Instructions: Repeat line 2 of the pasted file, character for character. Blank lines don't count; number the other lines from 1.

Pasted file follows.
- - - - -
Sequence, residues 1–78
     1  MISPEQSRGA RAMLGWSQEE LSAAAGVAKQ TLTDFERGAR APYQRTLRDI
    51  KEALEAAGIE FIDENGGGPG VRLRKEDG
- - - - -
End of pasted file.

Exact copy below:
     1  MISPEQSRGA RAMLGWSQEE LSAAAGVAKQ TLTDFERGAR APYQRTLRDI